This combustible approach has touched a chord with his base of primarily non-college-educated and non-urban white voters who have felt eclipsed both economically and culturally and slighted by the nation’s leadership. But he will arrive at his inaugural Friday facing more resistance in public opinion than any newly elected president in the history of polling, and with lingering clouds over his legitimacy—symbolized by the surprisingly widespread House Democratic boycott of the ceremony. Trump’s agenda is polarizing enough, but the intensity of that opposition appears rooted even more in his relentless belligerence toward any critical voice or institution.
More clues that the Facebook founder is eyeing a run for office
There’s a long-running theory that Mark Zuckerberg has presidential aspirations. It makes sense to wonder. After all, if the civically engaged and ambitious billionaire leader of the most powerful media company on the planet wanted to take on a new challenge, why not try running a country? It’s not like he has many other opportunities for a promotion.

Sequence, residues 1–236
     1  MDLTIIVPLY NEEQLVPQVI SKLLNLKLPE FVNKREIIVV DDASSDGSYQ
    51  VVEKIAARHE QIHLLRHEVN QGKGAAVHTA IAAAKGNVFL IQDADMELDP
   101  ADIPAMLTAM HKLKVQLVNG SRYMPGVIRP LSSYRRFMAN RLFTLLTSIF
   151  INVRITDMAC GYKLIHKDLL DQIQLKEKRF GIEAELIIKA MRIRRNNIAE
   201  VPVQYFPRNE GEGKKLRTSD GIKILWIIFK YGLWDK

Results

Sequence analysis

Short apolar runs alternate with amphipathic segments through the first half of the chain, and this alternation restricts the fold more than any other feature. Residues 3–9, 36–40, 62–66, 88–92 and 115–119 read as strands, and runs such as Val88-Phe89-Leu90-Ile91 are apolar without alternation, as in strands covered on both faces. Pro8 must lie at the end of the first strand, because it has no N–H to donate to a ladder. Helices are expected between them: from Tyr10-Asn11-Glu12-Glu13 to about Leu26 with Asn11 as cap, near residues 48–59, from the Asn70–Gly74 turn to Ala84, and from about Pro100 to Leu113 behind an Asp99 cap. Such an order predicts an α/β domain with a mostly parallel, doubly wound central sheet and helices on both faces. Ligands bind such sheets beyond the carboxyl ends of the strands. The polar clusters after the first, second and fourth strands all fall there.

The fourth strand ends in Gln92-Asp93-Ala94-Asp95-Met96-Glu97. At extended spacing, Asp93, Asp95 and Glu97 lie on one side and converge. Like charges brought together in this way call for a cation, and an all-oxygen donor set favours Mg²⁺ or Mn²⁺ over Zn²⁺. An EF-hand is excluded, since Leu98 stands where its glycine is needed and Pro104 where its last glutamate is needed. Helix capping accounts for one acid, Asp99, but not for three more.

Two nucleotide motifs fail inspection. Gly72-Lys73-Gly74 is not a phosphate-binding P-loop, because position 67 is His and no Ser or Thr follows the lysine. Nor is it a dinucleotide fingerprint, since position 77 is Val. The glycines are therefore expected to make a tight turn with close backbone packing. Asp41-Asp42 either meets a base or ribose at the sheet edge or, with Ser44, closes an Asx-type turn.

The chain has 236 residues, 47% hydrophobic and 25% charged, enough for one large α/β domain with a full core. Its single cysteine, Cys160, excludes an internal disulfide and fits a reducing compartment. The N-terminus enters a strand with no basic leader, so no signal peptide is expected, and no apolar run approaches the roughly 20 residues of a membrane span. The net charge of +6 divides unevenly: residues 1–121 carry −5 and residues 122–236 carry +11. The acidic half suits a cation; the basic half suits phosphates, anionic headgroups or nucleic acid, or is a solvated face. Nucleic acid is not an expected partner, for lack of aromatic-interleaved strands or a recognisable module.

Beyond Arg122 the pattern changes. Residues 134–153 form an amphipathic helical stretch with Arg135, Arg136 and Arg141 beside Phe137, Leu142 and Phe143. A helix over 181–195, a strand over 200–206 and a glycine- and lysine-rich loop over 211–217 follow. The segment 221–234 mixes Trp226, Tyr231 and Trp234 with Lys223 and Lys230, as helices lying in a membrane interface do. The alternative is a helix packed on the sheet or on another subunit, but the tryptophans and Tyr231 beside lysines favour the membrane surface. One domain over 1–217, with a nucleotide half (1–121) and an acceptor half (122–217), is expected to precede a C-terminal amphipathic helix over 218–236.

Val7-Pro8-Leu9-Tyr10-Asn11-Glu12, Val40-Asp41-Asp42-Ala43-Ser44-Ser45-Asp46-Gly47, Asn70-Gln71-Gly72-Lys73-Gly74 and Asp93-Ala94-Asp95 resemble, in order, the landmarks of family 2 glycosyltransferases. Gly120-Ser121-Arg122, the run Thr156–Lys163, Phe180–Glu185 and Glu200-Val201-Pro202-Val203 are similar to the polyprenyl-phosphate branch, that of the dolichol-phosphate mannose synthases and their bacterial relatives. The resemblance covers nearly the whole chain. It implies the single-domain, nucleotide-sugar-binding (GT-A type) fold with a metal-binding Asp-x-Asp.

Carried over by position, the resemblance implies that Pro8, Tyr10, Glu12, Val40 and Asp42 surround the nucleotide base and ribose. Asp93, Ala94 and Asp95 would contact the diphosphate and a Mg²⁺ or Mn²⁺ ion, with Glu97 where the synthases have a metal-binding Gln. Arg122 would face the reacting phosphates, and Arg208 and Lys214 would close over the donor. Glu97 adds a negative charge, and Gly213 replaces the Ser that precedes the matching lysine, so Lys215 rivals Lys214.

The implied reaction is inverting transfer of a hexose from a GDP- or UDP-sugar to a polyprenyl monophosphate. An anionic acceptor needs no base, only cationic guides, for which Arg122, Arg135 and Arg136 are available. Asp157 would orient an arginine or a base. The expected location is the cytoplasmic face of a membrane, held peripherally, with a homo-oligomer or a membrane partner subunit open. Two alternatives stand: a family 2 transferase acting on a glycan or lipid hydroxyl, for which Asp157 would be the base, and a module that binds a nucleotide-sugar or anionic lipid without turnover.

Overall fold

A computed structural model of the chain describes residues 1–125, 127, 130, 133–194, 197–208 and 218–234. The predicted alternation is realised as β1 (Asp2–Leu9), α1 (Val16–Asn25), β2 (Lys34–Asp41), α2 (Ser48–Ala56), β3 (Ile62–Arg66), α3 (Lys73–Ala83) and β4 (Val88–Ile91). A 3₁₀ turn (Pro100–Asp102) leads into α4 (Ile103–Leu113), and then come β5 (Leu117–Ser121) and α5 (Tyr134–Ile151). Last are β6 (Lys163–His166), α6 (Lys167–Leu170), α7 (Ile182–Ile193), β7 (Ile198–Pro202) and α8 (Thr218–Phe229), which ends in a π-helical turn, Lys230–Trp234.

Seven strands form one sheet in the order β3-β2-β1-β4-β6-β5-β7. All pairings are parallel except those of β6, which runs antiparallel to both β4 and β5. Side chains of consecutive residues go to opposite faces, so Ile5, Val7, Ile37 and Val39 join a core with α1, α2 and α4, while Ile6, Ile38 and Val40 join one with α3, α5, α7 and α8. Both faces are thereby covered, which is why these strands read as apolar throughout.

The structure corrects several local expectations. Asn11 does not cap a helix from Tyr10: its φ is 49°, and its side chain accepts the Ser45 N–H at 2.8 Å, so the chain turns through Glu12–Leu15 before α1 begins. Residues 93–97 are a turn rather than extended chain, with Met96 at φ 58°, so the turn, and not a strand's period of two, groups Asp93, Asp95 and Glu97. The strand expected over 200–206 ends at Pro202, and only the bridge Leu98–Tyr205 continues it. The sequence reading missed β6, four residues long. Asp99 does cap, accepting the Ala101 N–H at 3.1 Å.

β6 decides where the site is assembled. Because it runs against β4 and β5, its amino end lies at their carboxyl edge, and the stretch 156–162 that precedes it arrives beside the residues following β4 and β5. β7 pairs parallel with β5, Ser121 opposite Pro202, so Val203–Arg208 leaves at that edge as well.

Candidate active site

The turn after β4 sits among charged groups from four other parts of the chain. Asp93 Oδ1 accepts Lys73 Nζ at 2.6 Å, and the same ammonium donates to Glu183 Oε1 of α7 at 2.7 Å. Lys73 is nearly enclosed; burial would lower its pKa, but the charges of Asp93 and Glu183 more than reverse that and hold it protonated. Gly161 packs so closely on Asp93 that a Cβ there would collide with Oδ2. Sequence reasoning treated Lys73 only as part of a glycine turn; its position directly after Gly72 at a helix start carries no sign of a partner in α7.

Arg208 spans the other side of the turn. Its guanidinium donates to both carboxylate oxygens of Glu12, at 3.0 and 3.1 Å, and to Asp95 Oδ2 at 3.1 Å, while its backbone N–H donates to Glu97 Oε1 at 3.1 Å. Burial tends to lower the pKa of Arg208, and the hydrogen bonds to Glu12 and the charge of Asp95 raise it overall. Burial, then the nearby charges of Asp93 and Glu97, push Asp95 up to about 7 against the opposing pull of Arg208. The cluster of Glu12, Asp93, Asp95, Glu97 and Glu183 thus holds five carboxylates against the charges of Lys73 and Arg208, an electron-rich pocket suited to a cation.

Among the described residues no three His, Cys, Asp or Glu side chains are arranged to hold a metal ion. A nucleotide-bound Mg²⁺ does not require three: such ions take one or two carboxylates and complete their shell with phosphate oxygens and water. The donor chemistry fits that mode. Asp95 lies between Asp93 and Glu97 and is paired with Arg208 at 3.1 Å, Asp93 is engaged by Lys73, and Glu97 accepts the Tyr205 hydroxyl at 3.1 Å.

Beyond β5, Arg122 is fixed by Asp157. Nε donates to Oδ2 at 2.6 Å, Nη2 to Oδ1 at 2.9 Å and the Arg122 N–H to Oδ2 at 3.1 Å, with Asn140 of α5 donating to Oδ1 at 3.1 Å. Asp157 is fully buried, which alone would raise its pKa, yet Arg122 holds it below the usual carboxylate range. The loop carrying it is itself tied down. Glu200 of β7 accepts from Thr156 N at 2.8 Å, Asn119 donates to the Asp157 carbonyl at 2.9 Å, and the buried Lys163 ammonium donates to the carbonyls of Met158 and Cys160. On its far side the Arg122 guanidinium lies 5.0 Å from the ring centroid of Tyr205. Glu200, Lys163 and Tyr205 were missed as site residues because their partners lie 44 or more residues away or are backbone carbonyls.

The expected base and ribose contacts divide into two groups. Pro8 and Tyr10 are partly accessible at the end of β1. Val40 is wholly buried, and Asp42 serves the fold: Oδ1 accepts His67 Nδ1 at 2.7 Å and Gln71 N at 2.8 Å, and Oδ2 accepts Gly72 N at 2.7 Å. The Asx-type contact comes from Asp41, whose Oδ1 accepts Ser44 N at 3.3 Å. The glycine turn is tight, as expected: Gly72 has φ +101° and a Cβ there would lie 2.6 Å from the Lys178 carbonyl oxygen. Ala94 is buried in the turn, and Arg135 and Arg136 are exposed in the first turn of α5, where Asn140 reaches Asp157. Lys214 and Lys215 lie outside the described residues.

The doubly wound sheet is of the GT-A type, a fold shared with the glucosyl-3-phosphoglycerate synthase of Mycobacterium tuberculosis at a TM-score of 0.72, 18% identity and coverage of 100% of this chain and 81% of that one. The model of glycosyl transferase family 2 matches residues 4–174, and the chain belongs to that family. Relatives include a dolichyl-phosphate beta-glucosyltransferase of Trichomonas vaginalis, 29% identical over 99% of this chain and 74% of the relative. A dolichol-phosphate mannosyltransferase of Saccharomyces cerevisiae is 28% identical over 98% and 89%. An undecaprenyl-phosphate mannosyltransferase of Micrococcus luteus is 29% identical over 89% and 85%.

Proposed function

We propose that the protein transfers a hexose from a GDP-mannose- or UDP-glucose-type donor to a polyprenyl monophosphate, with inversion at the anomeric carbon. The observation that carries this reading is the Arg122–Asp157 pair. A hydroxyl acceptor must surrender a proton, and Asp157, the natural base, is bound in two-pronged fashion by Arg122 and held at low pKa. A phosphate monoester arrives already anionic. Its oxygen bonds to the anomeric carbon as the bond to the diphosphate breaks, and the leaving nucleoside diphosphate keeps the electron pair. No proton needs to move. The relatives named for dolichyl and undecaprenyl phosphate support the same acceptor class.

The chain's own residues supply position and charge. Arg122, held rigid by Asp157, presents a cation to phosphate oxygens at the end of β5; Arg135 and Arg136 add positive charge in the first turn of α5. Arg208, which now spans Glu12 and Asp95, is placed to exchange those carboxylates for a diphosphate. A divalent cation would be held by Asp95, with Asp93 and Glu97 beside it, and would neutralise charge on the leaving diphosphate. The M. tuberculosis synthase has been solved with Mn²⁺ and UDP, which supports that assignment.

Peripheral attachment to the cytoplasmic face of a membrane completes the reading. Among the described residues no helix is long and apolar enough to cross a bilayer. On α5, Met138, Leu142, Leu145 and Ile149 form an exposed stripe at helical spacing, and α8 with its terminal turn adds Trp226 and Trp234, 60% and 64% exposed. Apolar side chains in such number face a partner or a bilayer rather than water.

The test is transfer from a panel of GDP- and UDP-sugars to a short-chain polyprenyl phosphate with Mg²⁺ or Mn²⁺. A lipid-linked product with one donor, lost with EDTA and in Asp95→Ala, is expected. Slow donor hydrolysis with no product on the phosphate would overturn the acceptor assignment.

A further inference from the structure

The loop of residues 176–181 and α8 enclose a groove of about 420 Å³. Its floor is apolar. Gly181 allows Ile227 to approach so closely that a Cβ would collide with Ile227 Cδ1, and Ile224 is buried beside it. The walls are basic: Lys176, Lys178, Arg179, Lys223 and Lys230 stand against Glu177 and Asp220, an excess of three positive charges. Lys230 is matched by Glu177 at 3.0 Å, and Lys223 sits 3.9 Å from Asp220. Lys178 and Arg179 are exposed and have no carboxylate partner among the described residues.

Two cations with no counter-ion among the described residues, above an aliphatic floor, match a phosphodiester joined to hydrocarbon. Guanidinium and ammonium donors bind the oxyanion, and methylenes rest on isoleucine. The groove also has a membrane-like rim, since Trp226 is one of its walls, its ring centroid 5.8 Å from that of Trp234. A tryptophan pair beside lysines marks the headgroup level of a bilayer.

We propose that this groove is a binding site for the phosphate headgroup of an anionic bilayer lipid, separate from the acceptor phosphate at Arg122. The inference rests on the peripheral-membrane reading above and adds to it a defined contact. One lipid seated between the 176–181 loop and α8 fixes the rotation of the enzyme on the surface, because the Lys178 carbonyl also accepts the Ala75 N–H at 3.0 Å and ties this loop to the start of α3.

But only in recent weeks has a Zuckerberg run for the American presidency started to seem like a legitimate possibility. First there was his personal challenge for 2017: Zuckerberg’s aiming to visit and meet with people in all 50 states by the end of the year.
And not just that, but he framed the exercise in a way that sounds, well, political: “Going into this challenge, it seems we are at a turning point in history,” he wrote in a Facebook post. “For decades, technology and globalization have made us more productive and connected. This has created many benefits, but for a lot of people it has also made life more challenging. This has contributed to a greater sense of division than I have felt in my lifetime. We need to find a way to change the game so it works for everyone.”
Charter schools have fueled school resegregation in urban America.
The confirmation hearing of Betsy DeVos, packed with reporters, surrogates, and congressional staff, was more heated than any Department of Education hearing in recent memory. DeVos made headlines for her evasive answers about political contributions made by her family’s foundation, her failures to denounce gun bans in schools (citing the threat of “potential grizzly bears”), and her shaky grasp of federal education in general.
But one topic never came up: American schools’ deeply entrenched racial segregation.